Lecture: The Body Agentic: Neoliberal Metrics for Appraising Young Women’s Sexuality | Gender, Sexuality, and Women's Studies
University of Pittsburgh
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Lecture: The Body Agentic: Neoliberal Metrics for Appraising Young Women’s Sexuality

November 13, 2014 - 4:00pm - 5:30pm
Speaker/Participants: 
Laina Bay-Cheng (University at Buffalo)

Note:  From 9-10:50, Prof. Bay-Cheng will lead a colloquium discussion on her article: "Justifying sex: The place of women’s sexuality on a social justice agenda." _Families in Society_, 92(1), 97-103. The article will be available on the GSWS Portal on my.pitt.edu. 

 

Young women’s sexuality traditionally has been marked along a gendered, moralist virgin-slut continuum. However, this one-dimensional model cannot easily accommodate substantive changes in the norms that influence girls’ sexualities. Contemporary scholarship includes many signs that such a shift has occurred in the U.S., ushered in by the cultural and ideological suffusion of neoliberalism. I use interdisciplinary evidence of neoliberalism’s influence on constructions of girls’ sexuality to argue that girls are no longer judged only on their adherence to gendered moralist norms, but also on their performance of a distinctly neoliberal script of sexual agency. In addition to reviewing the conceptual and empirical grounds for the claim that a new evaluative metric is in place, I consider the multidimensional normative field that is created by the intersection of this Agency Line with the long-standing Virgin-Slut Continuum. The primacy of agency within neoliberal discourse appears to legitimize women’s sexual autonomy and its subjective nature may permit them some control over their position above the Agency Line. Nevertheless, young women remain confined to a prescribed normative space, one that: divides girls from one another; compels self-blame; and perpetuates the predication of girls’ worth on cultural appraisals of their sexuality.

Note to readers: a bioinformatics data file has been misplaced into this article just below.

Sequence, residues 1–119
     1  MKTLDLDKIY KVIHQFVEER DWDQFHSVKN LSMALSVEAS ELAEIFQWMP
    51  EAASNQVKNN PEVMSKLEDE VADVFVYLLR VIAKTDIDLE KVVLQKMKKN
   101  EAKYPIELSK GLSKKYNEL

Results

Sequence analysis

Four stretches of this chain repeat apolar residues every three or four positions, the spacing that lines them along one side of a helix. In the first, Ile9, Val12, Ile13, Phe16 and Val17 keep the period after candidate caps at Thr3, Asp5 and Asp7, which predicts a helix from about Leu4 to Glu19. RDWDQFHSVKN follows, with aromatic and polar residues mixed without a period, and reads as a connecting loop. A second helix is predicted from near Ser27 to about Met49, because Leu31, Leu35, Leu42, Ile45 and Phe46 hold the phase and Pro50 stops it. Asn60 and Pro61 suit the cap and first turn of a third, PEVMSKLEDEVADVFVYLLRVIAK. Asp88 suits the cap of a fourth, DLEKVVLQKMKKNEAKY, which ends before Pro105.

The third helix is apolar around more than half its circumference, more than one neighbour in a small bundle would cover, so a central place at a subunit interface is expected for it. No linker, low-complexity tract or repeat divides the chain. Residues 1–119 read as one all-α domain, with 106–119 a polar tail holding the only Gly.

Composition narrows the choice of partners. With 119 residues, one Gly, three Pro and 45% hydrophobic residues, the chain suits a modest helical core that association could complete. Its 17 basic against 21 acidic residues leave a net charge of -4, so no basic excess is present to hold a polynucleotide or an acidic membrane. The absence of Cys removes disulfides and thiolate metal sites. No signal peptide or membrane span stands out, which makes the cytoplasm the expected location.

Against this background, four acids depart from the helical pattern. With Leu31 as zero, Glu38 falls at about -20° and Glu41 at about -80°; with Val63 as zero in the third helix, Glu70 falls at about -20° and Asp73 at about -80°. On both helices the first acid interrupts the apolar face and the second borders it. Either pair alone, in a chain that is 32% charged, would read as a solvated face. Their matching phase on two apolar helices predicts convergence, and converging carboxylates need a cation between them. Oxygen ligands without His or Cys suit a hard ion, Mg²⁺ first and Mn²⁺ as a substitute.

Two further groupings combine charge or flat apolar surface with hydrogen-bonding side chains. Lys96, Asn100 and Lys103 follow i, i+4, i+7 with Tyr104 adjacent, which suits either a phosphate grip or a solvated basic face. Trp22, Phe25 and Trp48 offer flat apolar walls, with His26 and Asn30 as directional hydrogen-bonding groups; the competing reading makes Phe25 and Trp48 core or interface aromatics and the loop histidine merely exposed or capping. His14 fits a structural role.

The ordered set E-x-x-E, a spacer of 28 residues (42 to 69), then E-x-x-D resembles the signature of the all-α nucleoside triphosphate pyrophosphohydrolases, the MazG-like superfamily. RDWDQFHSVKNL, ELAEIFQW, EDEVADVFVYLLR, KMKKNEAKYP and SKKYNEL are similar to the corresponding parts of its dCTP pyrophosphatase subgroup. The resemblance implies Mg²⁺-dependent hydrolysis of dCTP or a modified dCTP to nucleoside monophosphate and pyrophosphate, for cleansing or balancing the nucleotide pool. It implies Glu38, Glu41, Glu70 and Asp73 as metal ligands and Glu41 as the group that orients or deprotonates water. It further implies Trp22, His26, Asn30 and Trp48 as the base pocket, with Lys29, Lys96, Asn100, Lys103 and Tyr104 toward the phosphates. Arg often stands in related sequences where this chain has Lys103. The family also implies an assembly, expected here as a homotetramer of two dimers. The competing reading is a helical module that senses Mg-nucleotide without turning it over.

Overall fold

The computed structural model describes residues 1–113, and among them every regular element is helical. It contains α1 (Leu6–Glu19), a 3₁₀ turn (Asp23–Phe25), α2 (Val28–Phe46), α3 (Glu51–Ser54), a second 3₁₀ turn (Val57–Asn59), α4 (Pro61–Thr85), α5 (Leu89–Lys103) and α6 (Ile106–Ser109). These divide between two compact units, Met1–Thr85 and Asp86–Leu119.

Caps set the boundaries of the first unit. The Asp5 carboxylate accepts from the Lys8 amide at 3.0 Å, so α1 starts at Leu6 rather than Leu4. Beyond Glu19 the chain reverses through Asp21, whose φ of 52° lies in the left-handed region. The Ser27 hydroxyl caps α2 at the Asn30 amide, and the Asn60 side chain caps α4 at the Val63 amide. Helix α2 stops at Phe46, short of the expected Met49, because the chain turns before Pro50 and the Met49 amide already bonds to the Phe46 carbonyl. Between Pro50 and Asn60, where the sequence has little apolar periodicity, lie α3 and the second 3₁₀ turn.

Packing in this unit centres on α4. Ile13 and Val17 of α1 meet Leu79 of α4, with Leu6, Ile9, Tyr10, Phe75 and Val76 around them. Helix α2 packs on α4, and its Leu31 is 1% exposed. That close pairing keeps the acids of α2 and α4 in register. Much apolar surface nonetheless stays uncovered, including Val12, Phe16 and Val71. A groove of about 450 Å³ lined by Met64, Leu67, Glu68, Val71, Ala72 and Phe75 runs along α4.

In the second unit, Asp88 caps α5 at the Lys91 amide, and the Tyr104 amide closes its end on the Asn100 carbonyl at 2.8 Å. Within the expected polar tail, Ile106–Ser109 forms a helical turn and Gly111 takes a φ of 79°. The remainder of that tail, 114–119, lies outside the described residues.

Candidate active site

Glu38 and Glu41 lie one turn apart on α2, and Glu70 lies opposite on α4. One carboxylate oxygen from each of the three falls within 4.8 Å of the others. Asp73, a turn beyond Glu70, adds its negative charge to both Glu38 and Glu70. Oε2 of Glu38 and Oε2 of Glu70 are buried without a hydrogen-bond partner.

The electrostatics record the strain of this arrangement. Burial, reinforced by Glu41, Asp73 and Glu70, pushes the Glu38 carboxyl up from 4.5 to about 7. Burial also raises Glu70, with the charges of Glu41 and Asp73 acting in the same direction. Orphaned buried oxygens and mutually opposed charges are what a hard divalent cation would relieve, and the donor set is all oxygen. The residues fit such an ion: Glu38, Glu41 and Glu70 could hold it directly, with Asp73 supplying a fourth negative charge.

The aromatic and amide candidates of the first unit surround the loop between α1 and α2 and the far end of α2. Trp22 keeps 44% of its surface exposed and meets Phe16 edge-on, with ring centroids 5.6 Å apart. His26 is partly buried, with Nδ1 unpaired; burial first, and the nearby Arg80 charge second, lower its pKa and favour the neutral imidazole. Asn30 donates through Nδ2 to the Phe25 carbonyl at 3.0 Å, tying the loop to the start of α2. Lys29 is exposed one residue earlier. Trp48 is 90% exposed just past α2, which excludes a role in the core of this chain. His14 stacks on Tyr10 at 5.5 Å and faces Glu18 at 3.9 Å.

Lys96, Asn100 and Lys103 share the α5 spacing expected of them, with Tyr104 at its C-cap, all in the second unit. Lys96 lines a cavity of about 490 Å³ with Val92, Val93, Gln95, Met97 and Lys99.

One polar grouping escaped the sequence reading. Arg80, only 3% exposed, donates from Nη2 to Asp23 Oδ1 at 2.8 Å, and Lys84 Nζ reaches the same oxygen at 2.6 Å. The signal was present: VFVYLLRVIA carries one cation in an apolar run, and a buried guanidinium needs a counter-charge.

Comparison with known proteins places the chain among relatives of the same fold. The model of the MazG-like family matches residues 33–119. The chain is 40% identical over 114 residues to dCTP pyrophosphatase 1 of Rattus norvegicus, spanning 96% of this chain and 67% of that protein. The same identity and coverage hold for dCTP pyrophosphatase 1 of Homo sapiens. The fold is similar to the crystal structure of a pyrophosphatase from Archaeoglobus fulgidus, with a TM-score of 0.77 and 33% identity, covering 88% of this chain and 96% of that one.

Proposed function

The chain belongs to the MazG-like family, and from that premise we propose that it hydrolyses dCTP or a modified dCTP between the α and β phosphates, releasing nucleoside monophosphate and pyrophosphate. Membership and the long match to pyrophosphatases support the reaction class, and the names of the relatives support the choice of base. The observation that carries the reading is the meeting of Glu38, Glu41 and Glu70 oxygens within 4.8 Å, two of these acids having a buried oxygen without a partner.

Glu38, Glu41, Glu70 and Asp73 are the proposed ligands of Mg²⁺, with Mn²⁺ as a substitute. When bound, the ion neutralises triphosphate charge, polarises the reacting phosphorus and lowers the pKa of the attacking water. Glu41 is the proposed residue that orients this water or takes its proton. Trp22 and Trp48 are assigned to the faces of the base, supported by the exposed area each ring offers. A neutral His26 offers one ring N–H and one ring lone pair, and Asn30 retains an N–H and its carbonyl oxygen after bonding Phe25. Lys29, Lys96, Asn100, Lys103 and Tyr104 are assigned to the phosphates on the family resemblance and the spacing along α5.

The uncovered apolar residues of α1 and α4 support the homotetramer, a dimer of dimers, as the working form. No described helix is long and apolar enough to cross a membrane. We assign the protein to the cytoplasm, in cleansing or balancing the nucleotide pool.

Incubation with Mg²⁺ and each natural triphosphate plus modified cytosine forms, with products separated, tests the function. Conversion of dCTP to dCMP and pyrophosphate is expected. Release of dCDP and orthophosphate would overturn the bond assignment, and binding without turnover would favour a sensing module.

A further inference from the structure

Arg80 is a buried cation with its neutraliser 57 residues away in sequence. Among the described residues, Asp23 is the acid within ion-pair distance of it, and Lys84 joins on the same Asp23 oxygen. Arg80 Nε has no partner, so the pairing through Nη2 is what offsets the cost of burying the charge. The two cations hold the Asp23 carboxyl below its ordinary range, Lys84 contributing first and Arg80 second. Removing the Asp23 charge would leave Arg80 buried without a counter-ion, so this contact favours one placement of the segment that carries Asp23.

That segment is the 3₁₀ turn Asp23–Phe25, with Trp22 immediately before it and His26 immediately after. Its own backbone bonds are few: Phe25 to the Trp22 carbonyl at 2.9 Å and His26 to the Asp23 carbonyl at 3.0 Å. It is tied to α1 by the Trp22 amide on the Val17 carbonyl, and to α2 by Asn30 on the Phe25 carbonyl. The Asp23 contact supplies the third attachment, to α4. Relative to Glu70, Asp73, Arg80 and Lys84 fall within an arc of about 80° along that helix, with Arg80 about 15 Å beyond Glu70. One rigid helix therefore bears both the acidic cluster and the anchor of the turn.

Bay-Cheng slide

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